6. ‘Odd Thomas’ (2013)

Fusion Films

A.k.a. the movie that would lead to Sommers quitting the business in frustration (I’m sure “G.I. Joe: The Rise of Cobra” contributed too), “Odd Thomas” was a notoriously difficult production even for a filmmaker well versed in notoriously difficult productions. Various actors (including 50 Cent and Tim Robbins) were announced for the film, only to never actually show up on screen, with the film being delayed for a lengthy amount of time following lawsuits and breach-of-contract filings from several of the production companies. But was an undeniably messy process gave way to a pretty fun little movie, with Sommers writing, producing and directing a spirited adaptation of a Dean Koontz bestseller. (For all his millions of book sold, solid adaptations of his work are almost nonexistent.) Anton Yelchin, as a small town psychic embroiled in a big time mystery, is a wonderful Sommers hero, and the movie’s surprising mixture of tones and style (oscillating between detective movie, supernatural thriller and flat-out tragedy) keeps you on your toes. If you’ve never seen it (and, chances are, you haven’t), it’s very much worth tracking down.

5. ‘The Adventures of Huck Finn’ (1993)


You wouldn’t think a filmmaker so closely associated with cinematic bombast would be able to create a film this nuanced and soulful, but he really knocked it out of the park. Based on Mark Twain’s immortal American classic, Sommers wrote a terrific script, made more accessible for modern audiences but in no way sanitized, and gathered a great group of actors (Elijah Wood is Huck and Courtney B. Vance is Jim) for a film that feels tactile and real in ways that most of his later movies don’t. (This was, of course, before the director’s fascination with visual effects took hold.) Sommers would actually return to Twain for a “Tom and Huck” pseudo-sequel that Disney produced a couple of years later, writing and producing (but not directing). He tricked somebody else into doing that for him. Just like Huck.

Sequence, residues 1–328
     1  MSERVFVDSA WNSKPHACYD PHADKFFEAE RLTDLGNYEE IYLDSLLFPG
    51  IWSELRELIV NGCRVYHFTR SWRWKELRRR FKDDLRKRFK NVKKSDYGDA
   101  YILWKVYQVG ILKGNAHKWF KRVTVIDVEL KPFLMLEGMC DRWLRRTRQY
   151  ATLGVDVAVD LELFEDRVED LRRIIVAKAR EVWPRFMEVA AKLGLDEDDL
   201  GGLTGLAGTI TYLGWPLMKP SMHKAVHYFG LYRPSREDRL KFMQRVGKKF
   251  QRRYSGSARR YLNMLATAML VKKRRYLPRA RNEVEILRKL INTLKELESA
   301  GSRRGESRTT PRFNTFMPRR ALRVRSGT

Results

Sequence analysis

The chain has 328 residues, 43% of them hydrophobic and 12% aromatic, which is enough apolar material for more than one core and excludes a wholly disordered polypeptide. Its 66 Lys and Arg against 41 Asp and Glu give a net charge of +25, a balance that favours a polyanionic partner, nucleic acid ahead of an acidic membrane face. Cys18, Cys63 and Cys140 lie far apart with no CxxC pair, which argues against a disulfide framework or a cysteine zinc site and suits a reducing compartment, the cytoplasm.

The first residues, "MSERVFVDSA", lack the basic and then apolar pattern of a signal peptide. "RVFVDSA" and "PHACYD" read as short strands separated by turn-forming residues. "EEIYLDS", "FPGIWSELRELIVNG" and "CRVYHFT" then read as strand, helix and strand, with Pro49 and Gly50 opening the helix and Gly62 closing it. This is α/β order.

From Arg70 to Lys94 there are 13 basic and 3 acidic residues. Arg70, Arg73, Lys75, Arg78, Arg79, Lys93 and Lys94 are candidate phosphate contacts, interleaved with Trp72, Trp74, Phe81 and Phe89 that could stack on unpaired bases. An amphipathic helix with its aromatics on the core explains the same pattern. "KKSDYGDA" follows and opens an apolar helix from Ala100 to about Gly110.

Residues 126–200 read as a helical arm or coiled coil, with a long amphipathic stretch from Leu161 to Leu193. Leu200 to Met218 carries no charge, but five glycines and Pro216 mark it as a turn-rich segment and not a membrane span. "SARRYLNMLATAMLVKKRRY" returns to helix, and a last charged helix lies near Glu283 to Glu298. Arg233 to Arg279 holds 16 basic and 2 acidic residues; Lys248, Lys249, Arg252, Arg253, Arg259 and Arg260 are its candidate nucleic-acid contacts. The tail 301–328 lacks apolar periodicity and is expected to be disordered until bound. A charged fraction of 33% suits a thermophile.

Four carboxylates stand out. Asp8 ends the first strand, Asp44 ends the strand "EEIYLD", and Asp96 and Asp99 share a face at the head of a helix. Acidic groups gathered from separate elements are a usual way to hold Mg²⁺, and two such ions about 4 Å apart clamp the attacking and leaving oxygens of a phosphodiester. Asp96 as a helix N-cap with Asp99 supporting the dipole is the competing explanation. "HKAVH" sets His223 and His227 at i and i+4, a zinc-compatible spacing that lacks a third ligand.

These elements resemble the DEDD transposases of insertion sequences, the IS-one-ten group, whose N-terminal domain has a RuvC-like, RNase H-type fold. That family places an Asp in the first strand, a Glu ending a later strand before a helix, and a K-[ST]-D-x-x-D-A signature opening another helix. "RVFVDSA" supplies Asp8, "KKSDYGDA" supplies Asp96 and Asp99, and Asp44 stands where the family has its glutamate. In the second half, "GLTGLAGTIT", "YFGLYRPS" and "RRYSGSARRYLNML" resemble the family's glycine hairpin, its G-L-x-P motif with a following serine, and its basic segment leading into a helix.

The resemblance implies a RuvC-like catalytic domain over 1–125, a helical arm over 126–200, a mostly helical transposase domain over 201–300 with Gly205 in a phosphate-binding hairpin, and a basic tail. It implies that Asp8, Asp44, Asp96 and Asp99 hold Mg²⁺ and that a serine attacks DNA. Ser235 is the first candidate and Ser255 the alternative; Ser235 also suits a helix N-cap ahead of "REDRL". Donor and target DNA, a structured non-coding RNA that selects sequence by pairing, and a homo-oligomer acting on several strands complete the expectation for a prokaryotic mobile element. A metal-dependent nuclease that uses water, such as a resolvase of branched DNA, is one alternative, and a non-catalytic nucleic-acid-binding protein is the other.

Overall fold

4. ‘The Mummy Returns’ (2001)


After the success of “The Mummy,” Sommers returned to the franchise almost immediately, turning in a sequel that was even more full of visual effects, wild set pieces, and, yes, mummies (our favorites are the pygmy mummies in that weird jungle oasis). It could be argued that the sequel is actual the superior film; funnier, perhaps, and grander. But there are also some key knocks against it: its story is too convoluted, the visual effects aren’t always successful (see the appearance of the Dwayne Johnson scorpion creature at the end), and the score by Alan Silvestri isn’t quite as much fun as the original’s by Jerry Goldsmith. Still, this movie totally rules and sees the director operating at the peak of his powers, a confident storyteller in full bloom.